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Buddhism

The Bad Are The Good In The Egg
This is not only the case with a robber or a murderer, but al...

Nature Favours Nothing In Particular
There is another point of view of life, which gave the presen...

Zen And Supernatural Power
Yoga claims that various supernatural powers can be acquired ...

Poetical Intuition And Zen
Since Universal Life or Spirit permeates the universe, the po...

Buddha The Universal Life
Zen conceives Buddha as a Being, who moves, stirs, inspires, ...

Zen In The Dark Age
The latter half of the Ashikaga period was the age of arms an...

The Courage And The Composure Of Mind Of The Zen Monk And Of The Samurai
Fourthly, our Samurai encountered death, as is well known, wi...

Man Is Good-natured According To Mencius
Oriental scholars, especially the Chinese men of letters, see...

Hinayanism And Its Doctrine
The doctrine of Transience was the first entrance gate of Hin...

The Application Of The Law Of Causation To Morals
Although it may be needless to state here the law of causatio...

The Buddha Of Mercy
Milton says: "Virtue may be assailed, but never hurt; Sur...

The Usual Explanation Of The Canon
An eminent Chinese Buddhist scholar, well known as Ten Dai Da...

The Law Of Balance
Nature governs the world with her law of balance. She puts t...

Zen And Nirvana
The beatitude of Zen is Nirvana, not in the Hinayanistic sens...

The Mystery Of Life
Thus far we have pointed out the inevitable conflictions in l...

Zen After The Restoration
After the Restoration of the Mei-ji (1867) the popularity of ...

Man Is Bad-natured According To Siun Tsz Jun-shi
The weaknesses of Mencius's theory are fully exposed by anoth...

The Five Ranks Of Merit
Thus far we have stated how to train our body and mind accord...

Bodhidharma And The Emperor Wu
No sooner had Bodhidharma landed at Kwang Cheu in Southern Ch...

Missionary Activity Of The Sixth Patriarch
As we have seen above, the Sixth Patriarch was a great genius...




Buddha Is Unnamable








Give a definite name to Deity, He would be no more than what the name
implies. The Deity under the name of Brahman necessarily differs
from the Being under the appellation of Jehovah, just as the Hindu
differs from the Jew. In like manner the Being designated by God
necessarily differs from One named Amitabha or from Him entitled
Allah. To give a name to the Deity is to give Him tradition,
nationality, limitation, and fixity, and it never brings us nearer to
Him. Zen's object of worship cannot be named and determined as God,
or Brahman, or Amitabha, or Creator, or Nature, or Reality, or
Substance, or the like. Neither Chinese nor Japanese masters of Zen
tried to give a definite name to their object of adoration. They now
called Him That One, now This One, now Mind, now Buddha, now
Tathagata, now Certain Thing, now the True, now Dharma-nature, now
Buddha-nature, and so forth. Tung Shan (To-zan) on a certain
occasion declared it to be "A Certain Thing that pillars heaven above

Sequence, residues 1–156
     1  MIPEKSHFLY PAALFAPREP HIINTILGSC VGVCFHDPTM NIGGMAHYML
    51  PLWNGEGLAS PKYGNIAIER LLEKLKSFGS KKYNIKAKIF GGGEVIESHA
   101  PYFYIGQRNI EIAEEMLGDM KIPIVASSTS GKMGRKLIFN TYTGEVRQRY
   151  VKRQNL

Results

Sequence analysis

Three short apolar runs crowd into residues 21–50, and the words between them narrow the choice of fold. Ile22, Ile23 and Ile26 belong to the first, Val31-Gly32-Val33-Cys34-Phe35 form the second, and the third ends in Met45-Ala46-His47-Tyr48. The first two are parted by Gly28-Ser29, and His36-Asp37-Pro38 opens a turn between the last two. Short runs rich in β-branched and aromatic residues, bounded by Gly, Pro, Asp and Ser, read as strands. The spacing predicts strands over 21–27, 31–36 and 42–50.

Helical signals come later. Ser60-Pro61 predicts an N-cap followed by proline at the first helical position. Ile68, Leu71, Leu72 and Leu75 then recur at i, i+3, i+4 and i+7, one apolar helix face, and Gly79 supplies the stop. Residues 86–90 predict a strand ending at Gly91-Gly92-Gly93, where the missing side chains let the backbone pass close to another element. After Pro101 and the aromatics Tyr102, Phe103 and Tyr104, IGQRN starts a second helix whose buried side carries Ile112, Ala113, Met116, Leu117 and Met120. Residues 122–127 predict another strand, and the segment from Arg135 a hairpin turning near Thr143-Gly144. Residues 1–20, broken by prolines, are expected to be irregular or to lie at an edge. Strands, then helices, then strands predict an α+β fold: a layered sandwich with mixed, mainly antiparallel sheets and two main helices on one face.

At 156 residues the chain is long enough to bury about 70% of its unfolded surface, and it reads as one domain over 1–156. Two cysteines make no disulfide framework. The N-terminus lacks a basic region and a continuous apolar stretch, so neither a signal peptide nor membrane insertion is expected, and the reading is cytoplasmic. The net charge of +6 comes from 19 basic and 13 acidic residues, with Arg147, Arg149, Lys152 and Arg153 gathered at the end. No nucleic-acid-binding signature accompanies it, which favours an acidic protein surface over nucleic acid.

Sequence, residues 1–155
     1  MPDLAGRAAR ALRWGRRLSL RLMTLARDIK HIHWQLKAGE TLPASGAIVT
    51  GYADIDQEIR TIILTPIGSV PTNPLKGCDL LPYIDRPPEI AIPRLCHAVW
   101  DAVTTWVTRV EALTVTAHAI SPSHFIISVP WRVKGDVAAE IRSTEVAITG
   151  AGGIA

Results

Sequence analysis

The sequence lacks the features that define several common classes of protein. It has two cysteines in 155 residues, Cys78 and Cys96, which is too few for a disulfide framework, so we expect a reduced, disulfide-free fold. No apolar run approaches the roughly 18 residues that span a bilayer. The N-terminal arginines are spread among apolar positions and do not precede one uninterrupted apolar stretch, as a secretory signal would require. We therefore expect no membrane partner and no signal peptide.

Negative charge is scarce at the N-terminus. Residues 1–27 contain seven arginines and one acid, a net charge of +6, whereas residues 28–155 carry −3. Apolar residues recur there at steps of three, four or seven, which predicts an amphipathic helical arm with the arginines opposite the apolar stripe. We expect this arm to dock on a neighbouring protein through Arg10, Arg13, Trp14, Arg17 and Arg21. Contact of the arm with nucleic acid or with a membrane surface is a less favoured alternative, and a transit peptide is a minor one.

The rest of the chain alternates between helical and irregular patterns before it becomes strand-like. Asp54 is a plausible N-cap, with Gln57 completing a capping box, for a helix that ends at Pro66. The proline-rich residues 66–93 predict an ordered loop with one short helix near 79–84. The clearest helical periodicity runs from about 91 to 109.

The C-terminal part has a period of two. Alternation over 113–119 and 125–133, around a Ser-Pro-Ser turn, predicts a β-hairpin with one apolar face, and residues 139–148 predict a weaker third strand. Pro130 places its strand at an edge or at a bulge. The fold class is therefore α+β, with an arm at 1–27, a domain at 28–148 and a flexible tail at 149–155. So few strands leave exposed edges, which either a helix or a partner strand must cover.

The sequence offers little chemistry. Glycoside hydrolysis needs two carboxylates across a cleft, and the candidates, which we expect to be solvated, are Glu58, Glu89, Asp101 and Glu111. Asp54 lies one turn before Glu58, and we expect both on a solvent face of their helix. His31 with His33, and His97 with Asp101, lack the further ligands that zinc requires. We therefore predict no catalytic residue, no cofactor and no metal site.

and supports the earth below; dark as lacquer and undefinable;
manifesting itself through its activities, yet not wholly comprisable
within them." So-kei expressed it in the same wise: "There
exists a Certain Thing, bright as a mirror, spiritual as a mind, not
subjected to growth nor to decay." Huen Sha (Gen-sha) comparing it
with a gem says: "There exists a bright gem illuminating through the
worlds in ten directions by its light."


Tung Shan Luh (To-zan-roku, 'Sayings and Doings of Ta-zan')
is one of the best Zen books.

So-kei, a Korean Zenist, whose work entitled Zen-ke-ki-kwan
is worthy of our note as a representation of Korean Zen.

Sho-bo-gen-zo.


This certain thing or being is too sublime to be named after a
traditional or a national deity, too spiritual to be symbolized by
human art, too full of life to be formulated in terms of mechanical
science, too free to be rationalized by intellectual philosophy, too
universal to be perceived by bodily senses; but everybody can feel
its irresistible power, see its invisible presence, and touch its
heart and soul within himself. "This mysterious Mind," says Kwei
Fung (Kei-ho), "is higher than the highest, deeper than the deepest,
limitless in all directions. There is no centre in it. No
distinction of east and west, and above and below. Is it empty?
Yes, but not empty like space. Has it a form? Yes, but has no form
dependent on another for its existence. Is it intelligent? Yes, but
not intelligent like your mind. Is it non-intelligent? Yes, but not
non-intelligent like trees and stone. Is it conscious? Yes, but not
conscious like you when waking. Is it bright? Yes, but not bright
like the sun or the moon." To the question, "What and who is
Buddha?" Yuen Wu (En-go) replied: "Hold your tongue: the mouth is
the gate of evils!" while Pao Fuh (Ho-fuku) answered to the same
question: "No skill of art can picture Him." Thus Buddha is
unnamable, indescribable, and indefinable, but we provisionally call
Him Buddha.






Next: Buddha The Universal Life

Previous: Zen Is Iconoclastic



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